Conservation storytelling in Nepal by the EVPP 440 class of 2018
Story and pictures by Jennifer Lewis; edited by Aikwan Chong
They say a picture is worth a thousand words. During this digital age, it is an extremely important aspect to consider because you usually have less than 3 seconds to capture the attention of your subject. Inside of 3 seconds, most people will be unable to glean anything meaningful from reading. The constant barrage of information that one encounters when scrolling through websites and social media feeds means that one is making instant decisions on which articles or links to explore further. The first thing that the eyes see and the brain processes would be the image(s).
Now consider this aspect as a conservation manager or scientist who is in need of support for saving certain species or habitats. One MUST understand how to capture the attention of the public, otherwise the person and the subject matter are likely doomed. My goal is to make sure that the next generation of conservationists understand how to tell their stories visually or more effectively through the use of still/moving images.
This January, I led a class of 18 of our finest undergraduates from George Mason University to do this in one of the most fantastic settings on earth. The country of Nepal was chosen because it is FULL of amazing conservation stories and because it is simply the most beautiful place I have encountered so far for filming on planet Earth.
On this two-week-long adventure, we tracked tigers in the jungle, filmed the sunrise over some of the highest mountains on earth, were charged at by rhinos, walked across rope bridges, and…and no one died! Success was heady. My favorite quote by a student was “Dr. Lewis, how come you keep asking us to do dangerous things?” They were all safe, I assure you. And most importantly, they all came back with incredible photos/films and a firm understanding about how to convey what they care about to others using this medium.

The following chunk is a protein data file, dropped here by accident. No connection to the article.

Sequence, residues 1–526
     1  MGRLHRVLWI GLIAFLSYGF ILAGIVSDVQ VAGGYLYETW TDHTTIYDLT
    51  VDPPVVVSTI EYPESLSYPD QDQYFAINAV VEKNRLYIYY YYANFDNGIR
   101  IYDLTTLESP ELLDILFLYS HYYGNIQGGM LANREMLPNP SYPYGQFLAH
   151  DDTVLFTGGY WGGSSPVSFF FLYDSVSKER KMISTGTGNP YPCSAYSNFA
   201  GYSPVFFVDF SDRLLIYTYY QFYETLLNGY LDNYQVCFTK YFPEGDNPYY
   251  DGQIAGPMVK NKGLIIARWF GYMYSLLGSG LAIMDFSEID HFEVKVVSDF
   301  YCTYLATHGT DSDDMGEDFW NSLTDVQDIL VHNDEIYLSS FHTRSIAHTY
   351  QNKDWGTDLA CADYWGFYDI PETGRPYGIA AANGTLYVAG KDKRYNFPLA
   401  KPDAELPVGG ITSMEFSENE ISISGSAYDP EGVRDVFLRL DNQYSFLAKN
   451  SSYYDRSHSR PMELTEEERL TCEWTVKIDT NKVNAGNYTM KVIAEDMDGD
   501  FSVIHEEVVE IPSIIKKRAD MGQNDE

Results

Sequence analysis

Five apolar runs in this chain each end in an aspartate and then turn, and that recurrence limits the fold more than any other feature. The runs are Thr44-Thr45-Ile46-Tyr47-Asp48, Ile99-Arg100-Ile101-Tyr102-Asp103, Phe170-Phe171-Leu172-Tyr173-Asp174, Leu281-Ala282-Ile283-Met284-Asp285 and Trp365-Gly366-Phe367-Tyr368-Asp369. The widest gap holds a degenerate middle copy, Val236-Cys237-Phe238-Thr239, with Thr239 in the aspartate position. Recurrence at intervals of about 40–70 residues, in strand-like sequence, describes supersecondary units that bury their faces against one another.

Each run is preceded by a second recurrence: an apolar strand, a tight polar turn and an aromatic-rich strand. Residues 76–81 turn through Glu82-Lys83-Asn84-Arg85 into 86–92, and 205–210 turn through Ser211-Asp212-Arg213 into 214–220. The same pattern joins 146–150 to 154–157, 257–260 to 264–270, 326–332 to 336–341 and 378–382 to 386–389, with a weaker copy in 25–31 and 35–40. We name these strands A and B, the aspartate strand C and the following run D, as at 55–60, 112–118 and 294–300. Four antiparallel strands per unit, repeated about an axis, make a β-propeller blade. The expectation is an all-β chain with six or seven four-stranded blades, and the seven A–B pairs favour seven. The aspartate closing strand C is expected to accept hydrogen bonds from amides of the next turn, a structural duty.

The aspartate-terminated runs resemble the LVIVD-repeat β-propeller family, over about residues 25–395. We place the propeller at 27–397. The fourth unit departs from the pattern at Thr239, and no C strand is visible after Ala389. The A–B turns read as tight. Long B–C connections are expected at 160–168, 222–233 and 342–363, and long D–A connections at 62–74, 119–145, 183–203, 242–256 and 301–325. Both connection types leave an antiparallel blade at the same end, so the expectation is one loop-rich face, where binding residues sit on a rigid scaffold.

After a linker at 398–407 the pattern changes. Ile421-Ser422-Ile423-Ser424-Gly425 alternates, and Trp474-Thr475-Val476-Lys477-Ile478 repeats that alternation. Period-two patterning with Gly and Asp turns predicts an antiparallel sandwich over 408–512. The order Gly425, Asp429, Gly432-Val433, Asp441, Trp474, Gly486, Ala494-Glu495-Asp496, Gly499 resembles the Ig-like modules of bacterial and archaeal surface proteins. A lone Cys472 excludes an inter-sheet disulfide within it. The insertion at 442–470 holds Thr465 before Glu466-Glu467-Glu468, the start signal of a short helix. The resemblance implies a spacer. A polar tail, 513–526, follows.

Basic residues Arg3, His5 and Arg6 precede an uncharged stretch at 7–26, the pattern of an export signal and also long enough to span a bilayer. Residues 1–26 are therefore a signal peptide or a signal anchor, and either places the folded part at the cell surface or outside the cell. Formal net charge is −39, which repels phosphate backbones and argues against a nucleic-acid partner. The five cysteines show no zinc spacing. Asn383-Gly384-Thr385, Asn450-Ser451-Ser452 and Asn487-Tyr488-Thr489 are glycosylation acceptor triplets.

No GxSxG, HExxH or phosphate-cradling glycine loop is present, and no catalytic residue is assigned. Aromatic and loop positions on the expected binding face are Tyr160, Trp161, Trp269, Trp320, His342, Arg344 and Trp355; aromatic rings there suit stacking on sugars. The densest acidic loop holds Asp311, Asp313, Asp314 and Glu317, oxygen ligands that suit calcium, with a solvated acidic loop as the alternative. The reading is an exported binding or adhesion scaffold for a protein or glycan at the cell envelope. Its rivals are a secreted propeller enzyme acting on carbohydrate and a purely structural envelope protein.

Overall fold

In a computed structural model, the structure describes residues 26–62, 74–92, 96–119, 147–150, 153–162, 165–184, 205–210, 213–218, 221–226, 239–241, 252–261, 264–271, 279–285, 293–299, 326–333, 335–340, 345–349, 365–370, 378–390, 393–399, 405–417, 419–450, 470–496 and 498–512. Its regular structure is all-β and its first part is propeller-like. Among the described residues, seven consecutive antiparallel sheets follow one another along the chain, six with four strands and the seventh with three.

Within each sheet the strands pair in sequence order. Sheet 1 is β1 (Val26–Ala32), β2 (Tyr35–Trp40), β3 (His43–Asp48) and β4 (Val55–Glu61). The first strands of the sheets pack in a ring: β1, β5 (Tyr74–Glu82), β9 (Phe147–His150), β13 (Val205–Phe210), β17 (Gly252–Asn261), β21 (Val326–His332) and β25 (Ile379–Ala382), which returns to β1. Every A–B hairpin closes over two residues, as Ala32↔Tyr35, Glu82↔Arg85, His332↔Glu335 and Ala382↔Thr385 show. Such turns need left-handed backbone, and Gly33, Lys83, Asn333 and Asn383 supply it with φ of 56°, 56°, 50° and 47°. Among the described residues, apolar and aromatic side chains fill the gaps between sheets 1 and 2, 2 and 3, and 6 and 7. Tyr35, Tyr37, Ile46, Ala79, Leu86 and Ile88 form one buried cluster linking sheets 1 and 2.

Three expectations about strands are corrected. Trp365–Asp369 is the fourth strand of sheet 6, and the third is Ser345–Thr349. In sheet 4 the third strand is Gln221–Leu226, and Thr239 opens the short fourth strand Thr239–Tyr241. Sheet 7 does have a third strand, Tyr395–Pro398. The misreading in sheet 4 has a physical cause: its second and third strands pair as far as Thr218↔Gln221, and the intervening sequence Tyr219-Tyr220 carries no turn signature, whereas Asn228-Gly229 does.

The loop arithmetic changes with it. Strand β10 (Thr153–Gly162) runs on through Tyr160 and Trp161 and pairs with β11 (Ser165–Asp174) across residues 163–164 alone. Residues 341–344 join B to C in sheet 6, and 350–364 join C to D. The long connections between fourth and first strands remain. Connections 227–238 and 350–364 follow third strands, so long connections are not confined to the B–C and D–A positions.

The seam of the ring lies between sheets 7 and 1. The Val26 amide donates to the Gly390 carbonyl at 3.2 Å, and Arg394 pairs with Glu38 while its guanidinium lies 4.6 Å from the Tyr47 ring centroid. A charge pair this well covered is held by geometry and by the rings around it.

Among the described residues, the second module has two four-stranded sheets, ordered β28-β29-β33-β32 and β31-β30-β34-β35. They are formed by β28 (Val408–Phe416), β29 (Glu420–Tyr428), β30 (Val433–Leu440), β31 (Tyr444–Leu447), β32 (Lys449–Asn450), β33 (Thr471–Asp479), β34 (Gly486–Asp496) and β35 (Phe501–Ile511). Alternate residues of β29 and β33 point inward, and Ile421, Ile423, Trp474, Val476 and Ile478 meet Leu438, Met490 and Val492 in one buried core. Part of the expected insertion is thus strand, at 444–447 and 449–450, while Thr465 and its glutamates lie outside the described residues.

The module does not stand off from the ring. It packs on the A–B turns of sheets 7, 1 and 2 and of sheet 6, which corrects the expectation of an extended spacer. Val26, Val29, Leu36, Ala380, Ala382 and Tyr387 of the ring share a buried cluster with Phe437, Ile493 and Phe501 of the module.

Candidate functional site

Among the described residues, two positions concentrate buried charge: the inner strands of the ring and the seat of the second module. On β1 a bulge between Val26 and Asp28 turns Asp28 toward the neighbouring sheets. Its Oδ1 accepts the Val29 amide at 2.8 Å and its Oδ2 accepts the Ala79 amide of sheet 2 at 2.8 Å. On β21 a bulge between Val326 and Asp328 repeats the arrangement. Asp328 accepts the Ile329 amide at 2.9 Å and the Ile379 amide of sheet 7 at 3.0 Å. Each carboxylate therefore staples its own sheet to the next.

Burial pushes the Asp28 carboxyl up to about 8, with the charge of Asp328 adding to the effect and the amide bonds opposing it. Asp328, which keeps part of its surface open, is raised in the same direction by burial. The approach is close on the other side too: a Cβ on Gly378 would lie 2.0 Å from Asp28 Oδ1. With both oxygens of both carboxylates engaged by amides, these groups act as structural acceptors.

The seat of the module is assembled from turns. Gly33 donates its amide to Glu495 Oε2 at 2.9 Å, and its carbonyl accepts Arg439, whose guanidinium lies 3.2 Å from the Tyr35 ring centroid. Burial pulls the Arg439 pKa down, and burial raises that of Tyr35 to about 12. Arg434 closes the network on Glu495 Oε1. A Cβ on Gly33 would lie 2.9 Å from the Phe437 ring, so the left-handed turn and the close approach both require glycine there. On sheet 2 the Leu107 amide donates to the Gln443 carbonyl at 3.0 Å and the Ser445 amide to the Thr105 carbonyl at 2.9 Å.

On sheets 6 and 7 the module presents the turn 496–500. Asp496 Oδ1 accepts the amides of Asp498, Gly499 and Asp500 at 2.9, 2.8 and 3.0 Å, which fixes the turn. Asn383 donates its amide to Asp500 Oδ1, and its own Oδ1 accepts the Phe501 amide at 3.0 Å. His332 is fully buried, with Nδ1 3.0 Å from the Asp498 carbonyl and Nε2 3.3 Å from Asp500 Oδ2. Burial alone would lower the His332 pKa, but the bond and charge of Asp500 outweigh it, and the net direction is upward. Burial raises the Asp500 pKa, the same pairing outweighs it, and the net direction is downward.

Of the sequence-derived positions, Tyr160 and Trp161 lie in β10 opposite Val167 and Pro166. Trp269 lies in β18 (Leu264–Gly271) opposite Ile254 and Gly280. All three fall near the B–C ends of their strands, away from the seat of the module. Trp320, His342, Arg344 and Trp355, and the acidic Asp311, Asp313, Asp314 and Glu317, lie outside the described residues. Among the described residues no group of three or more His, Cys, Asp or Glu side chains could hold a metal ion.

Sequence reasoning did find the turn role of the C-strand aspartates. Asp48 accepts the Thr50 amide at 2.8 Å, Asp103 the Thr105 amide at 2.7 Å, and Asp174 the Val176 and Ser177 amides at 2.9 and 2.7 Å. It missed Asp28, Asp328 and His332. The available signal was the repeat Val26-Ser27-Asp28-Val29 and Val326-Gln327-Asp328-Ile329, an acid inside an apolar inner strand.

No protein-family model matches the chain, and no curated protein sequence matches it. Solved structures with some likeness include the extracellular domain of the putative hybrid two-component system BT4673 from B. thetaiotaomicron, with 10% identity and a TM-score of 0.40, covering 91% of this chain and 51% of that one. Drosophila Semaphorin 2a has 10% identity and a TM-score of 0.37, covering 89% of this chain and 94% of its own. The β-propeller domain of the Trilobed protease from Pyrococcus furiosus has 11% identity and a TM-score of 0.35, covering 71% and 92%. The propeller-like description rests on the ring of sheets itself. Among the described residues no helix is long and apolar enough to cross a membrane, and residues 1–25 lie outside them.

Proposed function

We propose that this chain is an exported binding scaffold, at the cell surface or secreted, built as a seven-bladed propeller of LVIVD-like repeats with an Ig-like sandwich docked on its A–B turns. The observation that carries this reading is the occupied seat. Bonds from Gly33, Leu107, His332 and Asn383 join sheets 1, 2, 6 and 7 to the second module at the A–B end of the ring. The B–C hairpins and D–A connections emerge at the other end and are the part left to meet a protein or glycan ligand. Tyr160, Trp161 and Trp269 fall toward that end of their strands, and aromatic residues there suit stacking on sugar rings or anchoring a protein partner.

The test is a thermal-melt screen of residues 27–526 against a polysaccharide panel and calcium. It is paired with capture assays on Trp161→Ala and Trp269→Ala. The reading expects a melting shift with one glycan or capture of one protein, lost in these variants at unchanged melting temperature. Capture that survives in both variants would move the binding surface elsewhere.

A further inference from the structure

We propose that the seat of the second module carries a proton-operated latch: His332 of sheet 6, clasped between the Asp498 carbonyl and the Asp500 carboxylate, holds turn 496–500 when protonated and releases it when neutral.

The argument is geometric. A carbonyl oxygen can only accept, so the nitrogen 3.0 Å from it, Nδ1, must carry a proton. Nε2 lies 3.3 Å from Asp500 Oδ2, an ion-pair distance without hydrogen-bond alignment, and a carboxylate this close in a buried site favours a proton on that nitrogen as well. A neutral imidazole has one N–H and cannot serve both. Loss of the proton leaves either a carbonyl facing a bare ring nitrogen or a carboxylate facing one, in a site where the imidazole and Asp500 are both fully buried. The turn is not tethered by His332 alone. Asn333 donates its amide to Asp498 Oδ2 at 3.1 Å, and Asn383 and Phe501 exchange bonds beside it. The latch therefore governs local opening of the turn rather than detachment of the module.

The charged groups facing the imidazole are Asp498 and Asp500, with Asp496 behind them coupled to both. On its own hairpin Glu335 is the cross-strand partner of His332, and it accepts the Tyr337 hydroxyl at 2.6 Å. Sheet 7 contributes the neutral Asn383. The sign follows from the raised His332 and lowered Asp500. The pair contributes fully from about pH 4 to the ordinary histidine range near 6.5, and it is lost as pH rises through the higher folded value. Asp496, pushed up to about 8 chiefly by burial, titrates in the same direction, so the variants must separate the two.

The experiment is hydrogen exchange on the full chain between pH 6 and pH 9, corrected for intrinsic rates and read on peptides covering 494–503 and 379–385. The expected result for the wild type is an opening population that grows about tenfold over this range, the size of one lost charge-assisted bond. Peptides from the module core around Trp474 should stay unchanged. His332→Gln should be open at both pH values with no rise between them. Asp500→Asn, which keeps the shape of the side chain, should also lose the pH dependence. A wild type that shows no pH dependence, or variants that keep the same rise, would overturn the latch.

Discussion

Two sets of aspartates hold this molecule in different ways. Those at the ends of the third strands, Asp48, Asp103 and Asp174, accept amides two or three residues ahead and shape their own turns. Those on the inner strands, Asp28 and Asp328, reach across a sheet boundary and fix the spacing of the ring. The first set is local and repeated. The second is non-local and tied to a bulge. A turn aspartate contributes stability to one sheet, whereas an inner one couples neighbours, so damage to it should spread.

Stories that were covered ranged from poaching of endangered species to the impact of eco-tourism on the local economy. Students were required to find stories at each location we visited and then tell it through their photos or films, including doing research on the conservation issue, conducting interviews with experts, and then drafting the story in a way that would persuade others to care about their conservation causes and motivate them to learn more. Each and every one of the brave students climbed onto the plane in Kathmandu to head back to America with this new tool firmly slotted into their tool belt.
Mission complete! Super proud of the EVPP 440 class of 2018!